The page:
AD culture pH reflects the removal of available H+ ions as methane. Safesil Pro-treated maize resulted in a higher mean culture pH in AD cultures fed continuously for ~160 days. It should be noted that Safesil Pro silage also had the lowest pH value, significantly lower than control (P<0.001) and numerically lower than the biological inoculant treatment, but resulted in a higher culture pH when fed, suggesting that the acid-loading to microbial culture was less important than the resulting fermentation of the chemical components added. Total biogas (methane and carbon dioxide) yield (m3/tDM) was not found to be affected by treatment. However, the proportion of carbon dioxide in the biogas was found to be reduced by the Safesil Pro silage additive (P<0.001), resulting in an increased CH4 : CO2 ratio (P=0.006).

These results suggest that, although the biological inoculant treatment resulted in a higher gross energy-value (GE) silage, its availability to the microbial population of the AD culture was reduced, or less efficiently used, for the production of methane.

Results from the fermentation kinetics study concurred with those from the continuously-fed experiment. Safesil Pro-treated maize was found to produce the most gas. Both silage additives were found to marginally increase the rate of gas production in comparison to the untreated silage, but rate of fermentation was the same for both additive types.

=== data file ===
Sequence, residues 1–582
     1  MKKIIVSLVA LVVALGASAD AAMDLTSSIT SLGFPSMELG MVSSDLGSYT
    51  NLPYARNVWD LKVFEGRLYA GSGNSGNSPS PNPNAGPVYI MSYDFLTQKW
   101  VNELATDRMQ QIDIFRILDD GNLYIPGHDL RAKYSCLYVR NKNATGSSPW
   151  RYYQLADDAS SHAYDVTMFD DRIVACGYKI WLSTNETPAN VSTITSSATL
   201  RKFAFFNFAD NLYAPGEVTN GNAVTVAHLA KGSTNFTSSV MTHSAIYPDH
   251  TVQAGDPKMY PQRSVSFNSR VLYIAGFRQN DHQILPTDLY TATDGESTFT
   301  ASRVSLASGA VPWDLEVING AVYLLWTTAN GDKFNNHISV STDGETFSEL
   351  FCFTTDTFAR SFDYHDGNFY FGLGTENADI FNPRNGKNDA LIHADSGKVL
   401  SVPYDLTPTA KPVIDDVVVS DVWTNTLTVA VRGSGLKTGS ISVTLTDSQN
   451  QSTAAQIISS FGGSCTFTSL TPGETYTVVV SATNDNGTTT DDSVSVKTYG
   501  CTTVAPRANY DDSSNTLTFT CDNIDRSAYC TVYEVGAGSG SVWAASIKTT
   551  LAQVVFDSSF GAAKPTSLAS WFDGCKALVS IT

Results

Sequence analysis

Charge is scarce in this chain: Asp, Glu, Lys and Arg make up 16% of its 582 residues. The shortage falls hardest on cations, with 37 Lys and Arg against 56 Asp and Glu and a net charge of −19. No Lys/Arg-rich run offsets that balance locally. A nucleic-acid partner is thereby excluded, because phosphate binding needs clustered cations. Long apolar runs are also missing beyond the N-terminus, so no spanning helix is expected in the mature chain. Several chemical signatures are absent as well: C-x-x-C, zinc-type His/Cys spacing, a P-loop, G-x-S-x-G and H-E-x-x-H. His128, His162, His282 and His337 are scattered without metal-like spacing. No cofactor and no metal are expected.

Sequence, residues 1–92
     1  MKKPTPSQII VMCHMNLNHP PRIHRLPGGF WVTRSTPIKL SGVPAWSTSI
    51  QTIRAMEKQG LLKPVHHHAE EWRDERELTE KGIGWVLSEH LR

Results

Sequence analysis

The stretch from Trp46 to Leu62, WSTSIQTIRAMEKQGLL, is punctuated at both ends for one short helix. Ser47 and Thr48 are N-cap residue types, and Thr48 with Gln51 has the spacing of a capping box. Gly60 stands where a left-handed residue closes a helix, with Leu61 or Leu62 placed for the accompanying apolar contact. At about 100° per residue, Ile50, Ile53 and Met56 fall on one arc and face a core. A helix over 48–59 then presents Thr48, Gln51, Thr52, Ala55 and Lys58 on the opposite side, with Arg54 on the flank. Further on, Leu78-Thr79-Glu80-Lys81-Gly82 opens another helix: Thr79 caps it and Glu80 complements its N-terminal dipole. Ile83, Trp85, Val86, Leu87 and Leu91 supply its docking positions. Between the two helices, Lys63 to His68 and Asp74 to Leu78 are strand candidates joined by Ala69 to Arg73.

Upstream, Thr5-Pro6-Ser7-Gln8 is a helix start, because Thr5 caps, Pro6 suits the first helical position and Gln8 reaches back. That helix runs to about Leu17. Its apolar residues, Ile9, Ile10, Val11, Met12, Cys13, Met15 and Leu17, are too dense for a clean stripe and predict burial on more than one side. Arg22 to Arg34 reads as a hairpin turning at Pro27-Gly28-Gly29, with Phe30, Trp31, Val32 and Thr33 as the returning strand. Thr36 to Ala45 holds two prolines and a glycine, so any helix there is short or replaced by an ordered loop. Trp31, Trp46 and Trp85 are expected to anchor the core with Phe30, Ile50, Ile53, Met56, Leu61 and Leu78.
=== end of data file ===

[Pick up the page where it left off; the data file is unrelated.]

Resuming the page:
Aerobic deterioration of the silages reduced the mean biogas production from the continuous fed cultures for both the control and the biological inoculant-treated maize. Safesil Pro-treated maize was not found to have reduced biogas production following aerobic spoilage, which is concurrent with the reduced chemical composition deterioration together with increased WSC (water soluble carbohydrate) content following spoilage, observed for this treatment.

Conclusion

  • Treating maize with a silage additive reduces aerobic spoilage.
  • Treating maize with Safesil Pro improves CH4 : CO2 ratio.
  • Safesil Pro-treated maize maintains biogas production after three days of aerobic deterioration.
  • Carbon dioxide production, as a proportion of biogas, is reduced following Safesil Pro treatment of maize.

In practical terms, the improvement in biogas yield, based on a 39.5t/ha maize crop harvested at 32% DM, when Safesil Pro treatment is used, equates to an additional gas yield of up to 760m3/ha due to improved DM retention and digester fermentation dynamics.

What is this worth to your business?

Often, the results of scientific trials are not easy to translate to tangible benefit for your particular situation, to show what really matters – the effect the investment would make to your bottom line. In this case, aside from the direct return on investment per hectare due to increased gas production, other benefits (such as reduced land rent and growing and harvesting charges) all play a significant part in overall profitability. For this reason, we have developed an innovative online calculator.

This useful tool allows you to input many variables, such as land rent, growing and contracting costs, plant efficiency, tariffs and treatment costs for your CHP or gas to grid plants, to show the potential financial benefit of investing in Safesil Pro treatment.

Use our Calculator

Finally, don’t forget the further benefits to the environment and local community. Fewer vehicle movements, reduced fuel use and cost, together with reduced chemical use, will all contribute to a smaller carbon footprint, to produce the same volume of biogas for your business.

Would you like more information?